During his 11 June talk with the Soviet Ambassador, Comrade Zhang Hanfu said: “there are still some people who are attempting to cross the border, but explanations are conducted to dissuade them from doing so. If they still attempt to cross the border, the Soviet Union has the responsibility to block them, and if they make it to the other side of the border, the Soviet Union has the responsibility to hand them back to the Chinese authorities.” (What Comrade Hanfu actually said was that “although there are still a few people attempting to cross the border, on one hand, we will continue to dissuade them from doing so, while on the other hand, the Soviet Union has the responsibility to stop them from crossing the border, and if they do make it to the other side of the border, the Soviet Union has the responsibility to send them back.”) It seems that Comrade Zhang Hanfu’s viewpoints as described above did reflect China’s guidelines for this issue, because in fact when the mass exodus was underway, the Chinese authorities did not take any effective measures to stop it, but insisted that Soviet border defense troops deny passage to the fleeing people and use coercive methods to turn back those who had made it to the Soviet side of the border.

In all of its statements, the Government of the People’s Republic of China has repeatedly cited the Soviet border guards’ existing practices of stopping and sending back Chinese border crossers, and points out that these practices were followed in the past and that there is no reason not to continue to do so. However, how can the previous border situation be compared with the situation arising from this mass exodus? Obviously not. Information furnished by Soviet border defense agencies shows that over the past three years, on average, there has been one illegal border crossing into the Soviet Union every two days. During the same period of time, there were merely seven persons crossing the border into Chinese territory from the Soviet Union. In contrast, since the second half of April this year, there has been a mass exodus of residents from China to the Soviet Union, and on certain days during this period, thousands of people crossed the border.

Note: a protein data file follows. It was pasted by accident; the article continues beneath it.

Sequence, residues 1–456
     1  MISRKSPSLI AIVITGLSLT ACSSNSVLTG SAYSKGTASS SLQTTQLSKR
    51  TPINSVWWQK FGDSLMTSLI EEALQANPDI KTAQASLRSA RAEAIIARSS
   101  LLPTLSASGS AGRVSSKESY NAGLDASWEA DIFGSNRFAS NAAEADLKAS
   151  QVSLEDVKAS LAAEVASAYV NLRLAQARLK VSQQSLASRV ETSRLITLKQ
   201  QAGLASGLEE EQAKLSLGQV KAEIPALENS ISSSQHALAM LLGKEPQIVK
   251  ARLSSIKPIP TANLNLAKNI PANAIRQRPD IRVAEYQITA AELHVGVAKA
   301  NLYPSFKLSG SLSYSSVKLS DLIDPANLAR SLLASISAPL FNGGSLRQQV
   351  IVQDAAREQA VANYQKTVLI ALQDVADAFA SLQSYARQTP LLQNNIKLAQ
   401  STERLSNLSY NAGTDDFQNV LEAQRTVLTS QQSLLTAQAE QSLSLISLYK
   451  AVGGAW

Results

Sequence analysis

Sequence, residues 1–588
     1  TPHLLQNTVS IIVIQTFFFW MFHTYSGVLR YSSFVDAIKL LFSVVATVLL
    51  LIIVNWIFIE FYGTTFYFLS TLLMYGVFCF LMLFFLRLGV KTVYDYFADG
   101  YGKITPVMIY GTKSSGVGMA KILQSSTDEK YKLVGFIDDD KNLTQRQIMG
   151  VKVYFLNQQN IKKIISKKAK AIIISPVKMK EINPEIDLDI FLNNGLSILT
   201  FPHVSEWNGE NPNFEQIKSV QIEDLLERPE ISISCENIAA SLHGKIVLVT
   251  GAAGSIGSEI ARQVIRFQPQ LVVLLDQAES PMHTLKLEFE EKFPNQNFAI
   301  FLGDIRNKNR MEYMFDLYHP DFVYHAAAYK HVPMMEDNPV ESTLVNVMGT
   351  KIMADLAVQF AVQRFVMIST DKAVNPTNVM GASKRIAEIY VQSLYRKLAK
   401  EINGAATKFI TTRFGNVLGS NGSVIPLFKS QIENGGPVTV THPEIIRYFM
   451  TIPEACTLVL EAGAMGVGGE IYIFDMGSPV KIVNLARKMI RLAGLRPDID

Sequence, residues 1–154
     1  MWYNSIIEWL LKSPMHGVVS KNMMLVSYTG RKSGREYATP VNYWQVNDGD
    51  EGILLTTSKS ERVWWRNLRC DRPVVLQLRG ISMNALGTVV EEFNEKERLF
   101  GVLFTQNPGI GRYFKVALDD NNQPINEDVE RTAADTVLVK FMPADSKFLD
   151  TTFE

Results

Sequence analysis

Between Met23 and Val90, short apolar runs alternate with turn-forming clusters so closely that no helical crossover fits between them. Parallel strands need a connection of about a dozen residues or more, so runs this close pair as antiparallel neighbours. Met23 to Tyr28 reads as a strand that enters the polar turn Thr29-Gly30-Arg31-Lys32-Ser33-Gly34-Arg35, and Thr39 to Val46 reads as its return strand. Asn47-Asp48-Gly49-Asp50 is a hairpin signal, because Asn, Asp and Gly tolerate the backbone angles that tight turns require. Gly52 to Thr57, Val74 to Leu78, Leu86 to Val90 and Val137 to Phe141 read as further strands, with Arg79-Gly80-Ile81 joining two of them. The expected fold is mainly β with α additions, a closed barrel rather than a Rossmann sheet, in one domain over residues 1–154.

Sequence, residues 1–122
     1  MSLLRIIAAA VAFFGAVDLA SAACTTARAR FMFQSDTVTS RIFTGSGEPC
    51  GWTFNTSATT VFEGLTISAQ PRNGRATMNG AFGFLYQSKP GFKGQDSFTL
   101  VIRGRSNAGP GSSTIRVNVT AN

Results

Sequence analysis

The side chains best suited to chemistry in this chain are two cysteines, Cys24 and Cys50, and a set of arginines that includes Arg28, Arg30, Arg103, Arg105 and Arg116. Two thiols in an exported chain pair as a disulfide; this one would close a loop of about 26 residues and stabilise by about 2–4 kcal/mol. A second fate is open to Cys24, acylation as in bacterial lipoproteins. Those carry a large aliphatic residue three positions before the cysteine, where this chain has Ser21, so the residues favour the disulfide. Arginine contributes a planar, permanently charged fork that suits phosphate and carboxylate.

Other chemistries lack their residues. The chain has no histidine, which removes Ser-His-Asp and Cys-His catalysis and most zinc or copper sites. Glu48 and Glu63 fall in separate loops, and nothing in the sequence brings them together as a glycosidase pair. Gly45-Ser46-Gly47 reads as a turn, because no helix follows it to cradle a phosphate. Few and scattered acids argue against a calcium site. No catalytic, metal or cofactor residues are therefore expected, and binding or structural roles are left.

This has resulted in a totally different situation. In this new situation, previous practices cannot be followed. Therefore, it is completely groundless to cite “the customary practices” and “the existing practices.”

It is equally groundless for China to cite the customary practices while proposing the use of coercive methods to send back border crossers. As we know, there has never been an incident similar to this mass exodus of tens of thousands of residents from the People’s Republic of China to the Soviet Union. Thus, no so-called customary practices are still relevant in this situation. The experience of the Soviet Union and other socialist countries proves that, when it comes to border rules, it is best to work out a mutually beneficial solution through agreements. With such agreements, misunderstandings can be eliminated.

Considering that the Chinese Government insisted in its 26 June statement that the Soviet Union hand back the people entering Soviet territory to the Chinese authorities, we’d like to clarify the issue again. If the residents of the People’s Republic of China who have entered Soviet territory can go back, naturally we will be pleased. The Soviet authorities’ past and present practice is to explain to the border crossers that they have done something unlawful and persuade them to go back to China. However, the Soviet authorities will never use coercive methods to send them back, as such methods contradict the Soviet legal system. The reason is that the people involved are workers, not criminals or reactionaries. We believe that for the long-term interests of our two nations, it is better to treat these people with patience and use persuasion, instead of using administrative orders on them.

In the spirit of cooperation, the Soviet Government has asked, more than once, for China to dispatch representatives to the Soviet Union to persuade the border crossers to return to China with the full assistance of the Soviet authorities (we’re willing to provide such assistance). However, China has repeatedly rejected this suggestion, and the Soviet Government can do nothing but express regret.

Lastly, the Soviet Government would like to reiterate that, as pointed out in the 8 June statement, it believes that the border between brotherly socialist nations should not be closed for an extended period of time. This measure cannot be permanent. Thus, we plan to instruct the relevant Soviet agencies in the coming days to abolish the extraordinary measure of closing the border with the Xinjiang Uyghur Autonomous Region and restore the normal practices of border protection. We do this with the hope that the Government of the People’s Republic of China will take the necessary steps to ensure border security.